From your description I'm not sure exactly how your PVC is configured at
each end. Assuming your PVC emerges from the ground vertically, you ought to
include a PVC U-turn (two 90-degree elbows) in the end(s) so that the cables
emerge DOWNWARD. You can then use attic insulation to stuff the end(s) of the
PVC U's around the cables. And don't glue these U's to the vertical PVC; let
them loose so you can remove them for easier cable pulling.
This method: allows for the conduit to breathe, i.e., lets moisture
evaporate to a certain extent; prevents large fauna such as mice from entering
said conduit; and is easy to remove to add/remove cables in the future.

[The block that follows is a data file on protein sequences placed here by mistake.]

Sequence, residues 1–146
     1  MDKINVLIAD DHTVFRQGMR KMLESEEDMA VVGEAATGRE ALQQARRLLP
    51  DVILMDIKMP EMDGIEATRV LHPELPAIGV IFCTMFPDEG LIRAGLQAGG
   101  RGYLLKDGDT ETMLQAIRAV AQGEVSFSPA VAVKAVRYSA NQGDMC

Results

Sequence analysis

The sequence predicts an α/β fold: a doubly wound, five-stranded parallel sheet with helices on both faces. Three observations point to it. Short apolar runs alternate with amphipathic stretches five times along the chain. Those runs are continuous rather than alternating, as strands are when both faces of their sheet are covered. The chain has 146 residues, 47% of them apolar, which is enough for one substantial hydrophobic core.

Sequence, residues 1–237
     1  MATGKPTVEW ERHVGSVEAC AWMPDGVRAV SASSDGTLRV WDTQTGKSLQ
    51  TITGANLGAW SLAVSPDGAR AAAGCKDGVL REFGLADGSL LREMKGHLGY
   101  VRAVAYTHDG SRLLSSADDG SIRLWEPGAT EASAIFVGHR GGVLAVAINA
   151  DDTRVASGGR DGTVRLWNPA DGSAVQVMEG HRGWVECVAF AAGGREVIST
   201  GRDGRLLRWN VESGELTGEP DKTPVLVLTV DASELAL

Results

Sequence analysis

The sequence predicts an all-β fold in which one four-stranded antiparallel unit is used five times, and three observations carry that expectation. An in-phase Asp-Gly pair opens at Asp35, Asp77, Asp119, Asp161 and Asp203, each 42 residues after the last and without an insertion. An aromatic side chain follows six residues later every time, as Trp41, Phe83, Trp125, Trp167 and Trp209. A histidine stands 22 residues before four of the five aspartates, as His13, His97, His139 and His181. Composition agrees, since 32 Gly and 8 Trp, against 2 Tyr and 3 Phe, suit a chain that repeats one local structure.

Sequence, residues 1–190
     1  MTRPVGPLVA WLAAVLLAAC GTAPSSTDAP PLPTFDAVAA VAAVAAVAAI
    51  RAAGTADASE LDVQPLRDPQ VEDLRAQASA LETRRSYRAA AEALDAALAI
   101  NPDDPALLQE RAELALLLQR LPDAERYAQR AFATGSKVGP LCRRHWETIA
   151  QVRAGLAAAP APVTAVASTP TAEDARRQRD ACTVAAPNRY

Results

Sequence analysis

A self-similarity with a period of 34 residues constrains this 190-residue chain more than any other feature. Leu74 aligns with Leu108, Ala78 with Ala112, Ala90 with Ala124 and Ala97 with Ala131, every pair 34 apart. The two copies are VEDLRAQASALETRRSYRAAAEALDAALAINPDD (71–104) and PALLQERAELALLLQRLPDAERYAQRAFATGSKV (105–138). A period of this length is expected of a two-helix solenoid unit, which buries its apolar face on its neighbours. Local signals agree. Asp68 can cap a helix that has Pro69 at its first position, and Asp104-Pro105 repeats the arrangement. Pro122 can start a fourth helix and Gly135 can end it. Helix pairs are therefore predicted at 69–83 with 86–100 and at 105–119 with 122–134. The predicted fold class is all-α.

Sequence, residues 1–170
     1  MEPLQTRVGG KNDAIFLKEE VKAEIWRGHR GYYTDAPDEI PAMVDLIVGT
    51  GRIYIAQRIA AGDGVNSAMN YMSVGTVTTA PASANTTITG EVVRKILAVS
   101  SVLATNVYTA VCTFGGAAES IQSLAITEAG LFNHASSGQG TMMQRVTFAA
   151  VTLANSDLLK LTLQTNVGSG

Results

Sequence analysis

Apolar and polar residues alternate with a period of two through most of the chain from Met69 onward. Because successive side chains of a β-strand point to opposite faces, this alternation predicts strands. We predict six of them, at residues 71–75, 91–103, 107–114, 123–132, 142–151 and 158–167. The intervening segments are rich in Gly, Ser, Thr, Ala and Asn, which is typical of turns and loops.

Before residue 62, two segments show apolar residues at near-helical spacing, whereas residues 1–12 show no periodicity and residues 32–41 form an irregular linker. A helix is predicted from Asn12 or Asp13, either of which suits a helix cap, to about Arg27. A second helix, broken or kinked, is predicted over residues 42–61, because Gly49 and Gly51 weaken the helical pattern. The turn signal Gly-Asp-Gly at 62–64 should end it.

In my conduit system the ends of the 3 inch PVC's enter steel boxes at the
shack and tower ends. Therefore, I don't need to include such drip loops in my
PVC system. At the shack end the cables are routed from the steel box into the
crawl space underneath the ground-floor shack. In this manner the moisture
from the conduit can be evacuated from the crawl space through normal
Gene Smar AD3F
-------------- Original message ----------------------
From: "Paul Ferguson" <Paul@PaulFerguson.us>
> I am using buried 4-inch PVC pipe to run coax and control cables from
> shack to tower base. The PVC come out of the ground, turn horizontal,
> and end a foot or two above the tower base. The cables will exit the
> PVC, take a small drip loop, and get routed onward.
> What is the best way to seal the end of the PVC around the cables? I
> thought about using a PVC end cap and drilling holes, but adding a
> future cable would be difficult. I am interested in hearing what
> creative solutions others have found.
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